25
Sep 2015

Insurance - policies to consider

Insurance - policies to consider

Written by Hudson Adviser Michal Park 

Insurance has always been a subject that many wish to avoid, and for many, the absolute importance of having it only hits home when personally touched by some kind of calamity. Mothers (particularly stay at home mothers) are often left uninsured as their contribution to the household is unpaid and thus deemed unworthy of replacing. We all know this is a fallacy. Being the cook, cleaner, taxi service, mediator, entertainer, lunch maker (to name but a few of my roles) for my family, it would have a massive impact if I were struck down by accident or illness. Quite simply, I would need to be replaced so that the daily routine continued to run smoothly and my partner could continue to go about his business. Not only would my paid contribution need to be replaced (my 15 hours part time employment) but also my non-paid contribution (everything else).


According to Salary.com’s “14th Annual Mom’s Salary Survey” the time mothers spend performing “job functions” in the home, would equate to an annual salary of US$118,905 for a stay at home Mum. While working mothers would earn US$70,107 above their regular salary for their mum duties. Insurance available should mothers be unable to perform these roles, that provide minimal disruption to day-to-day and longer-term goals, include trauma and income protection insurance.

Trauma insurance is perfect for individuals like stay at home mums who are unable to qualify for income protection insurance. Trauma insurance (also known as critical illness insurance) will provide a lump sum payment on the diagnosis of a serious medical condition – the big four being cancer, stroke, heart attack and coronary artery bypass grafts. I believe this insurance is an ABSOLUTE MUST for mothers. Having protection like this in place can alleviate financial stress. This was evident for one of our Hudson members who was diagnosed with MS. A mother of three in her early 40's she was employed part time and whilst she didn't take any time off work, she received in excess of $20,000 because she had a trauma insurance policy.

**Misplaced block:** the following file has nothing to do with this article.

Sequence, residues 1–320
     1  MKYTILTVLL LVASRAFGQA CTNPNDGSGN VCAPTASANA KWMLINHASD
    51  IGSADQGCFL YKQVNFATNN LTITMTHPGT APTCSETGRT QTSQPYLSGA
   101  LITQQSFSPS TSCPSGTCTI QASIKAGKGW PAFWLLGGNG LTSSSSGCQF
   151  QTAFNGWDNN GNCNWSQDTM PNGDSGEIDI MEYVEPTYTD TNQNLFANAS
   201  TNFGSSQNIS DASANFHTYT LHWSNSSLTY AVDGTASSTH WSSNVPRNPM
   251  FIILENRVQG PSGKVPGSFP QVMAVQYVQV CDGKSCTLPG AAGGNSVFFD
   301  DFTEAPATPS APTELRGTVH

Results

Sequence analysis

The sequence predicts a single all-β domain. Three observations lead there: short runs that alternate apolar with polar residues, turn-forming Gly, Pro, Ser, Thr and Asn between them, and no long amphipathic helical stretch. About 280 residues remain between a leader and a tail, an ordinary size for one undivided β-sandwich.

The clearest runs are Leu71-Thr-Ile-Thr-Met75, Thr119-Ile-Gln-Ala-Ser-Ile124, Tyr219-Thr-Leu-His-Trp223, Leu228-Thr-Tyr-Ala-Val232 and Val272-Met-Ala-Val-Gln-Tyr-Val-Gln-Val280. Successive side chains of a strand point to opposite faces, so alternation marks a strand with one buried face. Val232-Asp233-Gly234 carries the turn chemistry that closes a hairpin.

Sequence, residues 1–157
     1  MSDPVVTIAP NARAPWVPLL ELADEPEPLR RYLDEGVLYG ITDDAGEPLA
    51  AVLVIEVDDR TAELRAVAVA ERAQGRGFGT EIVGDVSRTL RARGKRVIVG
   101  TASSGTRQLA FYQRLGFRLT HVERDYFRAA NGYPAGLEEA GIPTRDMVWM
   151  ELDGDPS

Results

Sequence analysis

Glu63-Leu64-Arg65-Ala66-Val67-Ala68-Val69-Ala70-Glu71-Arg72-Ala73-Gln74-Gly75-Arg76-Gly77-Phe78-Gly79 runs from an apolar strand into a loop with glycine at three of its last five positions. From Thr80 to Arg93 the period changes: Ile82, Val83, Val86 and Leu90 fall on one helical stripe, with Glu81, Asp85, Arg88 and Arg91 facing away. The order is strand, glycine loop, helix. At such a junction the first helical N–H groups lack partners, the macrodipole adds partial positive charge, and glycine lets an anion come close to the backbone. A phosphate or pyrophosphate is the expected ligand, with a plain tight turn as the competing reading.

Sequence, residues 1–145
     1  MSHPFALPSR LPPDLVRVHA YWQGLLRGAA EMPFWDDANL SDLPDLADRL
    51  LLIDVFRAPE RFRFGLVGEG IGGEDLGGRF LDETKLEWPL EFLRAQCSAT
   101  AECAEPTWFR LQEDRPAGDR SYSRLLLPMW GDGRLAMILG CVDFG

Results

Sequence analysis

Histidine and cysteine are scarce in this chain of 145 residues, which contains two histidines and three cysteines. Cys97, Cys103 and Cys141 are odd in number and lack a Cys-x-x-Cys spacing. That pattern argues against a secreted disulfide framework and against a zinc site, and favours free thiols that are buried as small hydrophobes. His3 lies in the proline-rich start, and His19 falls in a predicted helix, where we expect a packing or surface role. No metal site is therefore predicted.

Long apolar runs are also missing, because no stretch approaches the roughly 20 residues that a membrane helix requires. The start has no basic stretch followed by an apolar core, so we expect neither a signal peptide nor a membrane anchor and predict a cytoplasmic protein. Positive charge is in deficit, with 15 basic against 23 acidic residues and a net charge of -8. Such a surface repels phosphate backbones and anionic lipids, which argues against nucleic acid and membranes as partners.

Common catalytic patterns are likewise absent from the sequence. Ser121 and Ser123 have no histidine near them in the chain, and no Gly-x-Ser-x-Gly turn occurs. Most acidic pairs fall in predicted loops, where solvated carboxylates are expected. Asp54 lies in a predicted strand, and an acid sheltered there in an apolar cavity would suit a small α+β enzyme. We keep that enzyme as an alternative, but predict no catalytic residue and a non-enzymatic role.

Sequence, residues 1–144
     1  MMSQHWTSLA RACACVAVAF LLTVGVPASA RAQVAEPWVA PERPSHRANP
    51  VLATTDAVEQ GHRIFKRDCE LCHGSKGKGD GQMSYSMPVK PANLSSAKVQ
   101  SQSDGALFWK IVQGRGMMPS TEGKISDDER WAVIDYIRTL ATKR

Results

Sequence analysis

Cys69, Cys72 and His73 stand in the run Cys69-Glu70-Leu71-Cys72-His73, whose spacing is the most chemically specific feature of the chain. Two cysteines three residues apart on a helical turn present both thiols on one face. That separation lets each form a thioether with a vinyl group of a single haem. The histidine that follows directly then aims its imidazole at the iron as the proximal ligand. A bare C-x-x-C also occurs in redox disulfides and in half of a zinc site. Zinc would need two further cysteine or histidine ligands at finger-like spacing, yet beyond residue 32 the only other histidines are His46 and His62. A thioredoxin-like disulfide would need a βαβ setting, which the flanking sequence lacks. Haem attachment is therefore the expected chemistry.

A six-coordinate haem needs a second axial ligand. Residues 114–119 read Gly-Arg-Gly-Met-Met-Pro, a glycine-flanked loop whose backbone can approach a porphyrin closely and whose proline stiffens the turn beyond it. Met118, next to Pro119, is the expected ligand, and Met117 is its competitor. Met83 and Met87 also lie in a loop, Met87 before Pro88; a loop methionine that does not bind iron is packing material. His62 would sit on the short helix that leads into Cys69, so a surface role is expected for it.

Of course, this insurance isn’t just for mums but also of great importance for all individuals looking to protect themselves and their loved ones. In February last year, one of my Hudson members aged in his early 50’s unfortunately had a heart attack. Luckily, it was the heart attack to have if you’re going to have a heart attack - he recovered quickly and was back at work within eight weeks. He also happened to have an old trauma insurance policy taken out years prior that paid out in excess of $127,000 just eight months later. 

Income protection insurance will replace your income by up to 75% if you are unable to work due to accident or illness. However,
one of the major sticking points regarding eligibility is that individuals must meet the minimum working requirements, which is generally 28 hours per week. For working mothers, this is an insurance worth considering in conjunction with trauma insurance, however, the employment criteria may exclude some (as it does me).